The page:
The art of politics
The Art of Politics: Representing Sustainability Challenges in the UK’s Overseas Territories
Exeter-based artist Naomi Hart’s paintings represent the rich yet threatened marine and terrestrial biodiversity of Britain’s overseas territories. Experts estimate that 90% of all the species for which the UK is responsible are located in the fourteen territories. This wealth of biodiversity and the often-fragile habitats they depend on are at risk from climate change, invasive species, inappropriate development, natural disasters, over-fishing and pollution.
Many overseas territories are small islands and remote from the UK. Their residents do not have representation in the UK Parliament and most territories have their own governance structures. This political and geographical distance from the UK means they have sometimes been ‘out of sight, out of mind’ to UK policymakers. Yet their constitutional connection to the UK as non-independent territories entails ongoing responsibilities, political entanglements and sometimes-difficult colonial legacies.
Figure 1. map of the UK overseas territories
The paintings in this exhibition developed out of a collaboration between Naomi and human geographer Nichola Harmer (University of Plymouth), whose research focuses on the relationship between Britain and the UK overseas territories. The project used Hansard official records of parliamentary debate over the past decade to visualise how UK parliamentarians imagine, articulate and respond to environmental issues in Britain’s overseas territories.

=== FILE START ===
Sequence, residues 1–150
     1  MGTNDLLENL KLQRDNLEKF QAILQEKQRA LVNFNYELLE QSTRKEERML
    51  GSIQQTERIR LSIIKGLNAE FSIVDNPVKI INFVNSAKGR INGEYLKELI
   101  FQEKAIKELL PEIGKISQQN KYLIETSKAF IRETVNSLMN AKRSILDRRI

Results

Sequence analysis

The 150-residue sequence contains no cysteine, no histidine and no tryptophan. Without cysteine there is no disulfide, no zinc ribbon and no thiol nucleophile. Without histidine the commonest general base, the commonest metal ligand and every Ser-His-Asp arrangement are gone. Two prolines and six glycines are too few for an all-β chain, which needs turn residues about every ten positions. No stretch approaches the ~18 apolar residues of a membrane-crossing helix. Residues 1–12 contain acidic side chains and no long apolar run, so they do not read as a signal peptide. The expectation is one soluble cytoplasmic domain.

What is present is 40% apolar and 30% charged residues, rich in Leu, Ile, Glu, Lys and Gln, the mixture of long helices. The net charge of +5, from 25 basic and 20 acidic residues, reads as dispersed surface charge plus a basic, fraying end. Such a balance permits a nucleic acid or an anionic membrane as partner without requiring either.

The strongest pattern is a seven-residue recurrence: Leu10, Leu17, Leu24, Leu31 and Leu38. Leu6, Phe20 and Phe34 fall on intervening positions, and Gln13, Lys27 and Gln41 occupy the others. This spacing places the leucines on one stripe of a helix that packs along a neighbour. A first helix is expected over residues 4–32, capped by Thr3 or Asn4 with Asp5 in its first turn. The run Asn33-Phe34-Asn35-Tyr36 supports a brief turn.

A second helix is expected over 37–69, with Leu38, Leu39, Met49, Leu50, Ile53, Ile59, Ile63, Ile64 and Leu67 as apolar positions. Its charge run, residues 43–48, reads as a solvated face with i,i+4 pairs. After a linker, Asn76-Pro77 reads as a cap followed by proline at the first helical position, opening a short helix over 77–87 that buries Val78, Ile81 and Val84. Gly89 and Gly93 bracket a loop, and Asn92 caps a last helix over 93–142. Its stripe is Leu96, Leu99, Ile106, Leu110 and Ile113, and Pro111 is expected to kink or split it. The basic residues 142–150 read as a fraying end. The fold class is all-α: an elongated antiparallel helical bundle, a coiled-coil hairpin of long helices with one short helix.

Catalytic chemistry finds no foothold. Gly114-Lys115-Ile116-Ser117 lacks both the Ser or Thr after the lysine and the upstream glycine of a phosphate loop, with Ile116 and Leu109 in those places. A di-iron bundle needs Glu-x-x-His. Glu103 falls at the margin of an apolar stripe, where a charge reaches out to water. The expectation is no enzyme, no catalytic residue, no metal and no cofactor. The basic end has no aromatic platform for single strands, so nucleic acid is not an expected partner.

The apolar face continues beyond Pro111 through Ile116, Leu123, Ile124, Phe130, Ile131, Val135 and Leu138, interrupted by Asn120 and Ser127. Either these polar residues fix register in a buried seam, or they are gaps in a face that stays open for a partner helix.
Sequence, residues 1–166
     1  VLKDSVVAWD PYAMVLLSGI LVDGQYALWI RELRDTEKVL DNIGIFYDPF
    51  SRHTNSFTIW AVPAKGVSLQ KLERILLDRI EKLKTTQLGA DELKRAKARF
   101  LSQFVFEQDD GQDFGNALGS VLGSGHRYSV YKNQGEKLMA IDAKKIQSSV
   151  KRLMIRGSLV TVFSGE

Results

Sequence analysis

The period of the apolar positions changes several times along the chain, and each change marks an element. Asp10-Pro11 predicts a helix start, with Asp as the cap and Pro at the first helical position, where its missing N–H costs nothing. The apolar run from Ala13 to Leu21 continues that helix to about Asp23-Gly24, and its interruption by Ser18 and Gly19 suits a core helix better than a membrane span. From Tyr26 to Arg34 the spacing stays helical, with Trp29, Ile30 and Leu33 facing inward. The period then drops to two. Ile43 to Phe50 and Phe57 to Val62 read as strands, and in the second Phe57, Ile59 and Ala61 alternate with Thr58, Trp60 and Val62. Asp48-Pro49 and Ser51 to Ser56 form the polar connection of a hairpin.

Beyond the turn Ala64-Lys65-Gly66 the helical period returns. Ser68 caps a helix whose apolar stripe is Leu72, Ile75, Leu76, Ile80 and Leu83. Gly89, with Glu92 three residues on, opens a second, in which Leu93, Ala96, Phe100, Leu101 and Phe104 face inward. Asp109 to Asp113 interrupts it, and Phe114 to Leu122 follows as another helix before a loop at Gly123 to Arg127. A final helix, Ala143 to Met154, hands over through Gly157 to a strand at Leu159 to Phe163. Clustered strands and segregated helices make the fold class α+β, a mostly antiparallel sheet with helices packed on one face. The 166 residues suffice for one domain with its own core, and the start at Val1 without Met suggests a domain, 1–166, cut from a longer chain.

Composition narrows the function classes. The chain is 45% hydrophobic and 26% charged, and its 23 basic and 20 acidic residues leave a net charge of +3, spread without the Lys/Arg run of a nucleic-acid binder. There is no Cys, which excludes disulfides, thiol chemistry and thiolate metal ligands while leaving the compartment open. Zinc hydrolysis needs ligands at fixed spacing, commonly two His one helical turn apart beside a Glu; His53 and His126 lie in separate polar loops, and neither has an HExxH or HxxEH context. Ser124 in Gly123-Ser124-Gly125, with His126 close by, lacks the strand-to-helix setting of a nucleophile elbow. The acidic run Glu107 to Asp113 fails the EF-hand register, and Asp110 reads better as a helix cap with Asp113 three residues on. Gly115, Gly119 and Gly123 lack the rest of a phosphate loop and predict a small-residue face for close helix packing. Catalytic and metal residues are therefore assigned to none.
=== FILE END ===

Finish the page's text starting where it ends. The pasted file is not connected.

The aim was for the art to evoke emotional responses to environmental concerns, and help bring into view political and spatial connections and influences often obscured by distance or abstraction. Naomi’s paintings represent the unprecedented awareness and foregrounding in parliamentary debate of the wealth of and threats to biodiversity in the overseas territories. They represent many Parliamentarians assertions of the responsibilities of the UK to help the territories protect their environments through programmes and initiatives including the Blue Belt marine protection programme. The paintings also allude to some of the sensitive colonial legacies, continuing constitutional entanglements and power relations involved in state/territory environmental governance.